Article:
This has been a long time coming. It’s known that some of its methods may be giving incorrect results, there are some very slow parts, and it’s missing a lot of the advanced features we need. If you check out DiffEqBenchmarks.jl, you’ll see that ODE.jl’s algorithms diverge on most of the test problems. The library hid this by having very low defaults for the tolerances, but we can do better. Also, it sacrifices a lot of features and speed to get cleaner code, which is a nice tradeoff in some senses but is not something which should be done in a core production ODE solver.
Because of this state for ODE.jl, many users have asked that I formally deprecate ODE.jl in favor of OrdinaryDiffEq.jl in order to stop the confusion around the library. This is the announcement that this has occurred. To help users transition, all of ODE.jl’s algorithms are part of the common interface, so setting the defaults correctly will allow you to exactly replicate your results in the DiffEq framework. All of the packages which had ODE.jl as a dependency received a PR which replaces ODE.jl with OrdinaryDiffEq.jl (note you can directly use OrdinaryDiffEq.jl without the rest of DiffEq, see this page in the docs).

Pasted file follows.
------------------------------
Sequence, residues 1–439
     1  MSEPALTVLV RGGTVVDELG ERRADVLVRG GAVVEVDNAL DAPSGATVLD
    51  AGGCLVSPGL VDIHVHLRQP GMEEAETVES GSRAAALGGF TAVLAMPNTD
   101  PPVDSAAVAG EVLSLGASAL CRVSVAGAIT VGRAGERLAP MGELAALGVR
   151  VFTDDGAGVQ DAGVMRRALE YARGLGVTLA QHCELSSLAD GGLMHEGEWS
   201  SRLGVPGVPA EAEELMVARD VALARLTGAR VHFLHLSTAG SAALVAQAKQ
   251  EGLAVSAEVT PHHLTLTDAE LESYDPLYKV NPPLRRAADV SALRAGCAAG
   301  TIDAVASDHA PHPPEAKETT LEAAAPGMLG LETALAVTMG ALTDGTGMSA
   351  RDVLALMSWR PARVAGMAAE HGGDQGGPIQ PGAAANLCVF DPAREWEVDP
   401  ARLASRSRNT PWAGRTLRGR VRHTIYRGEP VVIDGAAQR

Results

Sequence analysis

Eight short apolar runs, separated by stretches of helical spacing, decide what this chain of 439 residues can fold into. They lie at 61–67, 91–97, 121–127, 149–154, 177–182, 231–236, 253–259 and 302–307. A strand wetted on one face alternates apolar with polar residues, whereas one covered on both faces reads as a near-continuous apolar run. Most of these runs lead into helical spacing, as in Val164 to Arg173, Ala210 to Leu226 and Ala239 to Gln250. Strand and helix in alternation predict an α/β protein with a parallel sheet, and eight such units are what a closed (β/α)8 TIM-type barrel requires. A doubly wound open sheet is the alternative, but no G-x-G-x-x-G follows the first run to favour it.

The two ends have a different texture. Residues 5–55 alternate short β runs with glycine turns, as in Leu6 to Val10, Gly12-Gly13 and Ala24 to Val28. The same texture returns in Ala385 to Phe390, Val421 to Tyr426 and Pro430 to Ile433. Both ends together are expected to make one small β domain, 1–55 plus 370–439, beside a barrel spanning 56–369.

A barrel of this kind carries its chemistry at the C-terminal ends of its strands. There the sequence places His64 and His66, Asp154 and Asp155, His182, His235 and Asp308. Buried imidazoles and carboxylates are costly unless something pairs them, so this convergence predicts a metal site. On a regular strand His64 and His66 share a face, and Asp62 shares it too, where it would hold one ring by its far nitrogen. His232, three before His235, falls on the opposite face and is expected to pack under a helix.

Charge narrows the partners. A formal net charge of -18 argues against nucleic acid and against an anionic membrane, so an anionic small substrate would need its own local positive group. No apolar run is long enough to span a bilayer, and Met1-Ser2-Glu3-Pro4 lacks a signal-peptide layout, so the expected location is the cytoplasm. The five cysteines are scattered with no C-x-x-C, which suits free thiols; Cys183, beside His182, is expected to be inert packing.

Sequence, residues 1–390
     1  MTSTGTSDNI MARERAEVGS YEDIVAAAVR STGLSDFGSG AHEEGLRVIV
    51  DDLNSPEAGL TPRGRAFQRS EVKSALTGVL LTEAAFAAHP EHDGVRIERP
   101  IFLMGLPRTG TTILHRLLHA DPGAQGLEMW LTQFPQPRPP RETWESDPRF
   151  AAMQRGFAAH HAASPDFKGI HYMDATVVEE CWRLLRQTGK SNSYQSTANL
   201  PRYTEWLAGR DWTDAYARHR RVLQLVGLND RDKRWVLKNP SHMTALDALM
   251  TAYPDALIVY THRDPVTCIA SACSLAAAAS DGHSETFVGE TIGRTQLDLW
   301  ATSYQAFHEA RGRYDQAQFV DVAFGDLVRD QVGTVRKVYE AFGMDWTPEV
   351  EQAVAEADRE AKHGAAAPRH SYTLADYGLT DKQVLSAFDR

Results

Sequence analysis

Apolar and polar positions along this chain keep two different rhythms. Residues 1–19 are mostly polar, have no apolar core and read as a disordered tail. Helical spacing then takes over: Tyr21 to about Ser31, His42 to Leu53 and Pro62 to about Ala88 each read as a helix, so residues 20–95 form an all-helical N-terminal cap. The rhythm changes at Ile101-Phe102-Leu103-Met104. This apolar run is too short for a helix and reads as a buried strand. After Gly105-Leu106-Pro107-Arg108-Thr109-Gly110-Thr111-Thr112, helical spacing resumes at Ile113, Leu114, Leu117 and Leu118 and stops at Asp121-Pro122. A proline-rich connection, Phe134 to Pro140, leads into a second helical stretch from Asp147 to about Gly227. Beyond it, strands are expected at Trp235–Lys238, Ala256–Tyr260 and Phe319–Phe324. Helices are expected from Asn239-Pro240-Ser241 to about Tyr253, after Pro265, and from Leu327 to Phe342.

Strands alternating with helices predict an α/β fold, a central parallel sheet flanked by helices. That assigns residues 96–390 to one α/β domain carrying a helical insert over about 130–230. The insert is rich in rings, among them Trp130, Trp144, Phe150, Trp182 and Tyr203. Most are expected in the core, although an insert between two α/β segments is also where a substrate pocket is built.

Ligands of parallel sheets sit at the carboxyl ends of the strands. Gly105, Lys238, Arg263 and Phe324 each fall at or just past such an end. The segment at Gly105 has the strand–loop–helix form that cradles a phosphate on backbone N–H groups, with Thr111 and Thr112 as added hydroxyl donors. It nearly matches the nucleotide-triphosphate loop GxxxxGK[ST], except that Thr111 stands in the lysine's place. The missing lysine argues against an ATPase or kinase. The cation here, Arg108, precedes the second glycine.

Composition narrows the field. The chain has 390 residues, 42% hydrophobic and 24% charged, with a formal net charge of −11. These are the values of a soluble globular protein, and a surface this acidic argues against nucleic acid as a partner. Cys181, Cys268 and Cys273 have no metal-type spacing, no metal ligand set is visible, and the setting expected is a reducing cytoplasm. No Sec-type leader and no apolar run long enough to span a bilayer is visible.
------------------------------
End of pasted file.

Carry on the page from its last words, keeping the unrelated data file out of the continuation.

ODE.jl is not going away. I have maintained it for a year, and will continue to maintain it and make sure it exists in a usable state in Julia 1.0. What I will not promise is any new features. ODE.jl is not designed in a manner that makes it easy to develop with all of the bells and whistles, which is why it has been ignored. But your ODE.jl code should continue to run on Julia 1.0 exactly the same as it did before. ODE.jl will still have its place as a nice clean set of algorithms which is good for teaching, and is a low-dependency library (for example, it doesn’t make use of autodifferentiation so it doesn’t have dependencies on ForwardDiff.jl). The library will probably get updates in the future to help it better serve this role.